January 19, 2018

Sandoval County Commissioners pass right-to-work ordinance, defying legal threats

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Matthew Reichbach

Sandoval County Commissioners at a meeting on Oct. 5, 2017

Commissioners approved a county-level right-to-work ordinance even as detractors promised to sue.

Early Friday morning, the Sandoval County Commission voted 3-1 to make the county the first to implement a right-to-work ordinance. Previous efforts at the statewide level repeatedly failed, while a citywide effort in Clovis decades ago was struck down by a federal court.

“This is our time to lead the state,” ordinance sponsor Jay Block said in arguing for the ordinance.

He said the bill would bring better wages, more jobs and would, in fact, help unions by increasing their rolls.

Union leadership and rank-and-file members who filled the room vigorously opposed the ordinance and said it would hurt unions and lower wages.

And they promised the passage by the commission wouldn’t be the end of the issue.

“We have lawyers, you have lawyers and we’ll see you in court,” New Mexico Federation of Labor, AFL-CIO President Jon Hendry told commissioners.

Right-to-work laws, which are in place in more than half the states in the country, bar unions from imposing mandatory fees on workers. The proposed ordinance would not apply to current companies and unions in the county or public unions.

Commission chairman Dave Heil, another sponsor of the ordinance, said the county would be represented pro bono by two law firms to defend the ordinance.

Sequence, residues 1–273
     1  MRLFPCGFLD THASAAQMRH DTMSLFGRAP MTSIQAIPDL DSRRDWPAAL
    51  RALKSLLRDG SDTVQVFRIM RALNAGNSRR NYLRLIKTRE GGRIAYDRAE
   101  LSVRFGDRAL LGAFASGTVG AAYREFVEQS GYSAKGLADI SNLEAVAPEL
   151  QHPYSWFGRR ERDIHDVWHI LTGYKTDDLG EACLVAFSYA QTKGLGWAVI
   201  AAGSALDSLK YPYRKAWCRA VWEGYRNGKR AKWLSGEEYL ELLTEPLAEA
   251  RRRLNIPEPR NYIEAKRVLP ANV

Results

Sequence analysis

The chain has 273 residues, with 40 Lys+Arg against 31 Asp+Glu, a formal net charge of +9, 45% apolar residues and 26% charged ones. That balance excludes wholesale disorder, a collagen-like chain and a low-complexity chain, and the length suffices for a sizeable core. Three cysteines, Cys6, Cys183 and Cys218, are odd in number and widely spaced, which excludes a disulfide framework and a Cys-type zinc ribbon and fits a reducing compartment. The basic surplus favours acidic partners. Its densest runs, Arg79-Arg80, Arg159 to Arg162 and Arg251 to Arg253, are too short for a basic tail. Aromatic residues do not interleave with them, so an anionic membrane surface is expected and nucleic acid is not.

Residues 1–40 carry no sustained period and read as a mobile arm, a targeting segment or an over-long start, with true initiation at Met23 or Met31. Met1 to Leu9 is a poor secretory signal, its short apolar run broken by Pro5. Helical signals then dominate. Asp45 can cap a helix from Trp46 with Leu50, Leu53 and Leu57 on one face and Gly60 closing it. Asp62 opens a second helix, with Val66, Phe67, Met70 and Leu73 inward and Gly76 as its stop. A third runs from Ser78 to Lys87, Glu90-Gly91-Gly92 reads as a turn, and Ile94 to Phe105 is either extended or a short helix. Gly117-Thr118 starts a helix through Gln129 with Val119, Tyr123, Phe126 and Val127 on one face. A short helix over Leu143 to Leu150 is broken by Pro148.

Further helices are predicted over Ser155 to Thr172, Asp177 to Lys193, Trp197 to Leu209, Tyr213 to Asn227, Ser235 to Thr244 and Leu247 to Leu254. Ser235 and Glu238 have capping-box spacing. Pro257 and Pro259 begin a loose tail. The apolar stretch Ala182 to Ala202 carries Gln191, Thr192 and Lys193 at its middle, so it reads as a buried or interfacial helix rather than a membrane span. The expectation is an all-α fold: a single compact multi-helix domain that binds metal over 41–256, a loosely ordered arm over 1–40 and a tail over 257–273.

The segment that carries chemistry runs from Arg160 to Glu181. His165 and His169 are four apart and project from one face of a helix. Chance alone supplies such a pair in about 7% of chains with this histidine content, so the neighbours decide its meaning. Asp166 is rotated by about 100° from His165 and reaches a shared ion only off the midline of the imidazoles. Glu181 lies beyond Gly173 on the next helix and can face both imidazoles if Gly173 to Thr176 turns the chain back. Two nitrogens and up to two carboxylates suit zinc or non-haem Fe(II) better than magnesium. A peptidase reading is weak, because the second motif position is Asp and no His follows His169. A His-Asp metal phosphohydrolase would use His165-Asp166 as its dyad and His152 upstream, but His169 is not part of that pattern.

Commissioner F. Kenneth Eichwald later said one was Tampa-based attorney Brent Yessin, who represented a county in Kentucky that prevailed. Yessin frequently works on right-to-work efforts and works for the Florida-based nonprofit Protect My Check.

The two sponsoring commissioners also had support from Americans for Prosperity, whose state director Burly Cain was a frequent presence at commission hearings. AFP was founded by David and Charles Koch, billionaire brothers who advance conservative and libertarian causes.

Cain called the vote a “momentous step forward.”

“The commission’s vote allows hard-working New Mexicans to keep more of their paycheck and better compete in the workforce,” Cain said in a statement. “Employees should be able to choose whether to join a union – that choice should not be made for them by the government.”

Behind the scenes, Matt Patterson, a conservative commentator, appeared to direct parts of the process, according to emails obtained by NM Political Report from Inspection of Public Records Act requests from county commissioners. Yessin was also included on many of the emails, as were Cain and leaders of local business and libertarian groups.

Patterson and Yessin wrote an Albuquerque Journal column praising the Sandoval County right-to-work effort earlier this week, but did not disclose their role in the process.

At Thursday night’s meeting, Stephanie Ly, the president of AFT New Mexico read from a Powerpoint presentation she said Yessin presented at an event sponsored by commercial real estate group NAIOP. In that presentation to realtors, Yessin spoke of how right-to-work would hurt unions.